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Rattlesnake Wrestling - The Ophidian Combat Dance

Saturday, 16 October 2021

It looks as if these snakes are dancing with each other, perhaps in courtship but this graceful exhibition is anything but friendly. Most frequently witnessed in the diamondback species this is ruthless combat: both rattlers are male and they are engaging each other for the right to mate.

The Frog Photographer


Director Thaddeus D. Matula followed conservation biologist, amphibian specialist and nature photographer Robin Moore into the heart of the Costa Rican rain forest on the Osa Peninsula. The Osa is a mecca for biologists as it is home to 2.5% of all the world's unique species. Robin sets out to document some of its smallest four-legged inhabitants including the poison dart frog which has a very distinctive call! This amazing project was selected for the launch of BBC Earth.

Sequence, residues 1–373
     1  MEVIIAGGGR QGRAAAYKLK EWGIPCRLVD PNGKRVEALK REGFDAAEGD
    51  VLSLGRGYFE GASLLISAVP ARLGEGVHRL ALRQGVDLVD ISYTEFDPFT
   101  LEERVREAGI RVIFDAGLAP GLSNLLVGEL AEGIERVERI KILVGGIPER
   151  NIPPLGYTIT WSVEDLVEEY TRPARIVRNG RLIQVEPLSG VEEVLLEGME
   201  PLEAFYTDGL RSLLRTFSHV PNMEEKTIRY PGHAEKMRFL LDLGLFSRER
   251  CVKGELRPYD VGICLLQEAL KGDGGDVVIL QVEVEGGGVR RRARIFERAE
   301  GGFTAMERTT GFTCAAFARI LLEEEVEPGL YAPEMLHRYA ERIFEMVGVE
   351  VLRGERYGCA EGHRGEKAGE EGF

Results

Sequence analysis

The Honduran White Bat

Friday, 1 October 2021

You may just have done something of a double take. Yet these small creatures huddled together are indeed bats.  They are Honduran White Bats (Ectophylla alba) and they do not easily fall in to a number of bat stereotypes: they do not live in caves and they do not suck blood. Additionally their fur, as you can see, is snow white.

It is found only in a few Central American countries. If you are very, very lucky you might be able to find it in Nicaragua, Costa Rica and, of course, the country from which it gets its name, Honduras.

Yet it is extremely rare and, moreover, it is tiny – the largest examined have never exceeded 5cm in length. Not only that, but its white fur has evolved for a reason: camouflage. (Note: the above was caught by using mist nets in Costa Rica and was later released).


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